Gardening Articles: Edibles :: Vegetables
Corn Diseases, Insects, and Pests (page 4 of 4)
by National Gardening Association Editors
Unlike four-footed critters, birds do as much good in the garden by eating insect pests as they do damage, but some species have a weakness for corn. There are a few ways to keep birds away from the corn at each stage of the game.
After planting, cover each row with a long strip of chicken wire, bending it in an inverted U-shape about 10 inches high in the middle. The close mesh keeps out prying beaks, and by the time the seedlings touch the top of the wire, the birds are no longer interested. You can remove the wire and store it for the next season.
Don't bother with scarecrows. Although they might be fun for the kids to put together, they'll only serve as a handy perch for most birds. However, there are other effective ways to scare birds away. Try putting a realistic life-size plastic owl on a tall post near the corn. The owl will ward off birds, and may help with neighborhood mice and rabbits as well. Moving the owl frequently will keep critters from getting used to it too quickly.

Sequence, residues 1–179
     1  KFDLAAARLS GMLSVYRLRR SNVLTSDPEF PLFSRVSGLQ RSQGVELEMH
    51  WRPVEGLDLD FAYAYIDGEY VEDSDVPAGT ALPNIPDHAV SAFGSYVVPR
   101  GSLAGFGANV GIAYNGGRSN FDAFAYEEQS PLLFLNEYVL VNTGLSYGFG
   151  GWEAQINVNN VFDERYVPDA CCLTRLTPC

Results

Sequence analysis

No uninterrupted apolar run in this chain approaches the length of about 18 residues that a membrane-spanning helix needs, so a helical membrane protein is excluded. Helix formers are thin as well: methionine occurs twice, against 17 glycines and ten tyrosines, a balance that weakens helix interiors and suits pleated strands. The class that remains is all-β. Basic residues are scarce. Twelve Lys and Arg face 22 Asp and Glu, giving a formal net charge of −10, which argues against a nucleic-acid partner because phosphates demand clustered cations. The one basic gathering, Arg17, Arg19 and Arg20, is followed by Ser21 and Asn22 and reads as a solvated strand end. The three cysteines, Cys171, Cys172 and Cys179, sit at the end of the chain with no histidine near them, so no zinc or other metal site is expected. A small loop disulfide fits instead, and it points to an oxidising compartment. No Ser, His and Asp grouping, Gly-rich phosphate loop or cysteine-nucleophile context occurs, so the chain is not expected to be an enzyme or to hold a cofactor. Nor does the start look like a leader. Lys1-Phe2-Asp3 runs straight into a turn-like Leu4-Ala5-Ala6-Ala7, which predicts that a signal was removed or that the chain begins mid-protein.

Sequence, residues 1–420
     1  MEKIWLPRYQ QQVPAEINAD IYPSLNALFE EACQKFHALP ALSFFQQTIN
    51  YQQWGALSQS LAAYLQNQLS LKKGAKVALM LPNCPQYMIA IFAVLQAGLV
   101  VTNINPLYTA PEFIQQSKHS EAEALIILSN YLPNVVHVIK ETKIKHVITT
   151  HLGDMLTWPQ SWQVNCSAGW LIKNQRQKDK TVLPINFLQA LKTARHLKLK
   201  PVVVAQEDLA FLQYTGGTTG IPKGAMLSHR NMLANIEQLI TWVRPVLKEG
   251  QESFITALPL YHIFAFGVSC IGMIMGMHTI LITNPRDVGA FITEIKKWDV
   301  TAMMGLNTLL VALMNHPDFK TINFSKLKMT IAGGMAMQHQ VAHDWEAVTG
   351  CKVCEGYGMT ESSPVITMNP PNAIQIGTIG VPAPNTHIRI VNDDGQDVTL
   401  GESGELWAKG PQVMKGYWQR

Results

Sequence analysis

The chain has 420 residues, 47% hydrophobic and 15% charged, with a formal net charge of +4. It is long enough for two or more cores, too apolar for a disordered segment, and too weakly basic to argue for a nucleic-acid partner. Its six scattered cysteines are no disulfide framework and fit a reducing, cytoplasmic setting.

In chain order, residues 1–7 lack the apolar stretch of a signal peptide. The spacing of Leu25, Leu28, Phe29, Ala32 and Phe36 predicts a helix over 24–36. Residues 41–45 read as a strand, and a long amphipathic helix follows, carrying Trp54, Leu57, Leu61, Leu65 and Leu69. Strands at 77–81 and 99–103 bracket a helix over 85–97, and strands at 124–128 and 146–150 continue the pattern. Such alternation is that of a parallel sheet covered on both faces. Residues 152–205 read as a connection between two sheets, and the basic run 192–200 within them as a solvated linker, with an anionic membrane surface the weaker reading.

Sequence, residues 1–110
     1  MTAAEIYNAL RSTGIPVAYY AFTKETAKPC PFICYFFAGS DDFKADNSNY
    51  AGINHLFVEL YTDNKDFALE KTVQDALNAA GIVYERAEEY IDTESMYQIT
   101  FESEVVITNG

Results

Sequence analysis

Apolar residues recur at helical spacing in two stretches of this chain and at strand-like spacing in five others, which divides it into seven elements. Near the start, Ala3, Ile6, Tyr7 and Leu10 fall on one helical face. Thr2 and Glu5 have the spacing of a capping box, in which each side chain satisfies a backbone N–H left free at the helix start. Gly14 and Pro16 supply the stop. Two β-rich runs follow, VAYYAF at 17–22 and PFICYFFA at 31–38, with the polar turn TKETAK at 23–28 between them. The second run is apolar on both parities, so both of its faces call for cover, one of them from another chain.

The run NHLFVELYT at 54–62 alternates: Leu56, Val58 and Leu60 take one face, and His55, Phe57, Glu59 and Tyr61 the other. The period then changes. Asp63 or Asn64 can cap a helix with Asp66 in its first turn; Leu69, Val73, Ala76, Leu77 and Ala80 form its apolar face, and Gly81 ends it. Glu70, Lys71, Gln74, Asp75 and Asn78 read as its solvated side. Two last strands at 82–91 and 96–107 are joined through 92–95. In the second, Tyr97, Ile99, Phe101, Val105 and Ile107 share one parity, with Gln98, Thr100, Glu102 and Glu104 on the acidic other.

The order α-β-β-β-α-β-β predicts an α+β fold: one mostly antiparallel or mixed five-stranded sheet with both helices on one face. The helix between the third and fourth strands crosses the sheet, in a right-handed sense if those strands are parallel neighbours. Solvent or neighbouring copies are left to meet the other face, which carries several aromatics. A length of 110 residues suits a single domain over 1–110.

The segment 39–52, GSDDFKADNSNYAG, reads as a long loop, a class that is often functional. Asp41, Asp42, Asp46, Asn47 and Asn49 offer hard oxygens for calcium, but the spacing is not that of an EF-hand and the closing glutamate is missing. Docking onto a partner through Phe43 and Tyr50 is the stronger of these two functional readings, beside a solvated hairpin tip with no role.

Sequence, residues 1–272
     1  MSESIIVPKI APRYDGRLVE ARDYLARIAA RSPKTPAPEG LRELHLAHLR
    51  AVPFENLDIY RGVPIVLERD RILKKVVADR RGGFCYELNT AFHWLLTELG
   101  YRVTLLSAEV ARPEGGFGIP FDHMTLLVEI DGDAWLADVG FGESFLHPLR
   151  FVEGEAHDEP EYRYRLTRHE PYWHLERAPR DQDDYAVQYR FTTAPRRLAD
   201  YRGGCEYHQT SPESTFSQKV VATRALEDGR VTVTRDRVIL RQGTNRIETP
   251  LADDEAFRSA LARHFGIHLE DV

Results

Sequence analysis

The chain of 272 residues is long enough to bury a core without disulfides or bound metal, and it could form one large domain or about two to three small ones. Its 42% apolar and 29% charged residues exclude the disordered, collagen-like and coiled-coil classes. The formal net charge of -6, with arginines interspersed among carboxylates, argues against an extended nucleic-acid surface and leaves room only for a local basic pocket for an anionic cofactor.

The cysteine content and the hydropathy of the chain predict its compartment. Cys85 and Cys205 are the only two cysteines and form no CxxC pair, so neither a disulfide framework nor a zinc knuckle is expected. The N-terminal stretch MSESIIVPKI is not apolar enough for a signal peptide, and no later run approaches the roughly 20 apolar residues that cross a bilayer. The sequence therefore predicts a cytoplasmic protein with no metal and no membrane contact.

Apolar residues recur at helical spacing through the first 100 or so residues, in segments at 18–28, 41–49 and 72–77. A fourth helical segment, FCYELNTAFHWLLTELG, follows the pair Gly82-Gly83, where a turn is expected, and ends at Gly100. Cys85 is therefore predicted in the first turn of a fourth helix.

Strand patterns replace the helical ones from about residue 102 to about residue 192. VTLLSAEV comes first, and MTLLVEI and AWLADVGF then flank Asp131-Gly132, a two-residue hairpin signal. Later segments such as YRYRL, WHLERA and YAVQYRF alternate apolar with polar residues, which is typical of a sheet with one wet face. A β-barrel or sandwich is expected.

If you can keep birds away from your newly planted corn, they shouldn't bother the crop again until the ears start to fill out. Then you need an effective bird-scarer or chaser. Rig up noisemakers or aluminum pie plates around the corn to frighten them. A cat or dog near the garden often does the trick. Flashy mylar tape and scare-eye balloons can help, too.
One time-consuming, but surefire bird barrier is to tie a paper bag around each ear of corn, but only after the corn has been pollinated. This also can ward off invading insects, but it's too much work for a large cornfield. When it rains, the bags break and need replacing; and when it's windy, they often blow off.